Monty Python member Michael Palin says, “I think there’s a danger in Pythons analyzing their own work. I think we shouldn’t do it.” Unfortunately for him, he and the other Pythons spend 315 pages doing just that in the delightful Monty Python Speaks.
For the uninitiated, here’s a quick history. Monty Python is the collective name for a group of five Britons — Graham Chapman, John Cleese, Eric Idle, Terry Jones, Michael Palin — and a transplanted American, Terry Gilliam. They are responsible for 45 of the funniest half-hours ever broadcast on television (in Britain beginning in 1969, America in 1974) and some equally inventive movies. Chapman died of cancer on the very eve of the group’s twentieth anniversary — “Worst case of party-pooping I’ve ever seen,” said Terry Jones.
For Python fanatics (I count myself among them), the new book is akin to the Holy Grail that the group sought in their infamous 1975 movie. The surviving group members and many of their associates are interviewed by David Morgan, and as befits their comedic style, the Pythons are quite open and frank about the group’s highs and lows. Among the many illuminated topics and tidbits are:
* Graham Chapman’s alcoholism, about which he was quite open himself. (While filming one of their movies, Michael Palin came across a half-empty bottle of gin belonging to Chapman. Palin had seen the bottle completely full earlier in the day.)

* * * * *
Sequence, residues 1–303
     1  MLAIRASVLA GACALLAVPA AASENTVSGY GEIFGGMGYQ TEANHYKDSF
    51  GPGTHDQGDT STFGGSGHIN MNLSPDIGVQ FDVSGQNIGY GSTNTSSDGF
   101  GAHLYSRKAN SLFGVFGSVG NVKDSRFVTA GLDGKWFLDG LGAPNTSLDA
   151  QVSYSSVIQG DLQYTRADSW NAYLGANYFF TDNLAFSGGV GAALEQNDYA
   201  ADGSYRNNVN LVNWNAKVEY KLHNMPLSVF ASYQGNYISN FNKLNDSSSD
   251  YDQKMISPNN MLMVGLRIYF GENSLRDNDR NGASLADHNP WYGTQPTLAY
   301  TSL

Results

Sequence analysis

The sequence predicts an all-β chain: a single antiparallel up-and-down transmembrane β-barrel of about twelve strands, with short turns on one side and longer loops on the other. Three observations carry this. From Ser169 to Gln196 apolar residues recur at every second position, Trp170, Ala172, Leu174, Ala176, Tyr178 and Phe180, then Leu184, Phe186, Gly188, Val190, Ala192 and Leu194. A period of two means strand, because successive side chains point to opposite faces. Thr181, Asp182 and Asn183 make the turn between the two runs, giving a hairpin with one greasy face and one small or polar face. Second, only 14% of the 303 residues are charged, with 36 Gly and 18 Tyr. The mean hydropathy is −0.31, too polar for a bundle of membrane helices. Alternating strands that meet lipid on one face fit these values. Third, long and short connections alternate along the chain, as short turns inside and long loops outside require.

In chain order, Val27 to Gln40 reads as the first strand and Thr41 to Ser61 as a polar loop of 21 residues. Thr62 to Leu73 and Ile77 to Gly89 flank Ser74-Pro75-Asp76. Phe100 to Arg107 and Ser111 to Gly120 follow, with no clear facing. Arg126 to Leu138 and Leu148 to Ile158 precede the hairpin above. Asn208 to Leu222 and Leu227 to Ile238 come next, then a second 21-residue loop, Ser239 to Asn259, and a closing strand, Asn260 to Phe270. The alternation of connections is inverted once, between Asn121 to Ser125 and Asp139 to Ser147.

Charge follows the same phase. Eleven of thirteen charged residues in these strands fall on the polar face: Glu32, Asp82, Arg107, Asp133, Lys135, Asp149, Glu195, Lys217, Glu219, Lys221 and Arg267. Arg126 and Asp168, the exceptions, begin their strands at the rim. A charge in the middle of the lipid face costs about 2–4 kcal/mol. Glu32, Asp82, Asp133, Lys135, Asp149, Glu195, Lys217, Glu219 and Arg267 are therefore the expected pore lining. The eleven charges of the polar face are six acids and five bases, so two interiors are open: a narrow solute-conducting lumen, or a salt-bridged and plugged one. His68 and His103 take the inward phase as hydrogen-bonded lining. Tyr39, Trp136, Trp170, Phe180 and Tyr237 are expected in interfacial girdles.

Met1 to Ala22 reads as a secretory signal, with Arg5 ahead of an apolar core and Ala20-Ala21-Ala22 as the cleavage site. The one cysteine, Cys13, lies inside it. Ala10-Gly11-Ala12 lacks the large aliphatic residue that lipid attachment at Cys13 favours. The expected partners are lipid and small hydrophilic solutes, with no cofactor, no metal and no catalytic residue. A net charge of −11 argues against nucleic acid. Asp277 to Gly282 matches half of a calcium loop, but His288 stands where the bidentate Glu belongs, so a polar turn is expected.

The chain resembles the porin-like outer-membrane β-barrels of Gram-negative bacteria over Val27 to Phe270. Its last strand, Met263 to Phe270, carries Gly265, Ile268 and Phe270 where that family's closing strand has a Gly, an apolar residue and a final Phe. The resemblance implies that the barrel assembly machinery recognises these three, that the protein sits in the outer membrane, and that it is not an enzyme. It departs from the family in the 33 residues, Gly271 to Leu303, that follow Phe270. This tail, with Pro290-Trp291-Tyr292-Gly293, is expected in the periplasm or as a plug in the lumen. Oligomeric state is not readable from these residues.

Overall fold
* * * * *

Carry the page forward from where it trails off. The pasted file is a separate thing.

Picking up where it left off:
* Their first American TV appearance. It was on a 1972 “Tonight Show,” where guest host Joey Bishop introduced them with the immortal line, “This is a comedy group from England. I hear they’re supposed to be funny.”
* Python didn’t have a chance in America until a PBS station manager in Texas–“Dallas, of all places,” says Cleese — took a chance on them. Friends of the station manager were afraid his station would get burned down.
* Their then-manager absconded with the funds from their 1980 appearance at the Hollywood Bowl. They made no money from the gig until they released their 1982 movie of the concert.
* When ABC-TV brutally edited three of their TV episodes for a 1975 special, the Pythons sued the network, on the grounds that they’d rather make less money than have someone else censoring their work.
The ABC incident points up two concrete truths about Python:
(1) Like them or not, their particular world view is uncompromised, and their fans appreciate their honesty.
(2) Said view shouldn’t be left in the hands of people who just plain don’t understand them. The people who would “sanitize” it are the same kind of people that Python’s comedy satirizes.
But maybe I romanticize Python only because I grew up with it. I completely don’t get the followings for later work such as “South Park,” but I can still recite reams of Python dialogue. For others with similar bents, the book is must reading.